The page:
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Stuffocation is a movement manifesto for experiential living, a call to arms to stop accumulating stuff and start accumulating experiences, and a road map for a new way forward with the potential to transform our lives.
Reject materialism. Embrace experientialism. Live more with less.
Stuffocation is one of the most pressing problems of the twenty-first century. We have more stuff than we could ever need, and it isnt making us happier. Its bad for the planet. Its cluttering up our homes. Its making us stressedand it might even be killing us.
A rising number of us are already turning our backs on all-you-can-get consumption. We are choosing access over ownership, and taking our business to companies like Zipcar, Spotify, and Netflix. Fed up with materialism, we are ready for a new way forward.
Trend forecaster James Wallman traces our obsession with stuff back to the original Mad Men, who first created desire through advertising. He interviews anthropologists studying the clutter crisis, economists searching for new ways of measuring progress, and psychologists who link stuffocation to declining well-being. And he introduces us to the innovators who are already living more consciously and with more meaning by choosing experience over stuff.
Experientialism does not mean giving up all of our possessions. It is a solution that is less extreme but equally fundamental. Its about transforming what we value. Stuffocation is a paradigm-shifting look at our habits and an inspiring call for living more with less. Its the one important book you wont be able to live without.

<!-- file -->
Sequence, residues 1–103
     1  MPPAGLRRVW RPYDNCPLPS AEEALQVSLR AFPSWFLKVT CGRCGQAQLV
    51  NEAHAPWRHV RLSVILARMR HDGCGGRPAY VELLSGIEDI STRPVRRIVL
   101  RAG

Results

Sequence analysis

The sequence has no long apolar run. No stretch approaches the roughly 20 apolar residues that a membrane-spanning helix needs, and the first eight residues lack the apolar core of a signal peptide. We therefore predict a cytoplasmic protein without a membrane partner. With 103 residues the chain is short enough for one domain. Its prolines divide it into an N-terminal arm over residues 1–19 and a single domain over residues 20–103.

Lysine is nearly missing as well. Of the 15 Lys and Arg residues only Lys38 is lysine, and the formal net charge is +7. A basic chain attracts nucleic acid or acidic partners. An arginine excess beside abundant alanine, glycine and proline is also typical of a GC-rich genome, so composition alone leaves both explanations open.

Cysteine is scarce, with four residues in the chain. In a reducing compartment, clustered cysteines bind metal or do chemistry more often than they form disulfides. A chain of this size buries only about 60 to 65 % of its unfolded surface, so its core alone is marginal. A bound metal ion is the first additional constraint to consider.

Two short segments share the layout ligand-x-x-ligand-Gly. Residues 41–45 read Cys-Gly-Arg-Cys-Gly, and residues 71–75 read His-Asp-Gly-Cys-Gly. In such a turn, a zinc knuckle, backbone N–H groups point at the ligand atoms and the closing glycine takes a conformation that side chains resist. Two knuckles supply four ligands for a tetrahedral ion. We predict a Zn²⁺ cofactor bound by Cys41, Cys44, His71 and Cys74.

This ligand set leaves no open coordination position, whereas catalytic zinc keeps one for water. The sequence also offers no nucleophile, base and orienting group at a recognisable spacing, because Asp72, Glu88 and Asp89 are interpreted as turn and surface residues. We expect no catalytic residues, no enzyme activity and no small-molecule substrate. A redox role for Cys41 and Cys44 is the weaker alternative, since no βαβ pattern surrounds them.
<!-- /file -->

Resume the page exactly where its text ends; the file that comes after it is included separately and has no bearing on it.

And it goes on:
Praise for Stuffocation
The revelations come fast and furious as he asserts that acquiring stuff is often just an easy way to ignore the tougher questions of life, dodging why am I here? and how should I live? for will that go with the top I bought last week? Tart and often funny . . . [Stuffocation] will be an eye-opener for those long ago persuaded that more is better. A scintillating read that will provoke conversation (or at least closet cleaning).Booklist
James Wallman deftly hits upon a major insight for our times: that acquiring stuff and things is not nearly as meaningful as collecting experiences. Some of the happiest days of my life were when I had nothing and lived on a houseboat. Without stuff to tie me down, I felt completely free.Blake Mycoskie, founder of TOMS and author of the New York Times bestseller Start Something That Matters
A must-read . . . We think that more stuff will make us happier, but as the book nicely shows, were just plain wrong. A great mix of stories and science, Stuffocation reveals the downside of more, and what we can do about it.Jonah Berger, author of the New York Times bestseller Contagious
Wallman offers a deeply important message by weaving contemporary social science into very engaging stories. Reading the book is such a pleasure that you hardly recognize youre being told that you should change how you live your life.Barry Schwartz, author of The Paradox of Choice
With a sociologists eye and a storytellers ear, Wallman takes us on a tour of todays experience economy from the perspective not of businesses, nor even of consumers per se, but of everyday people.B. Joseph Pine II and James H. Gilmore, authors of The Experience Economy
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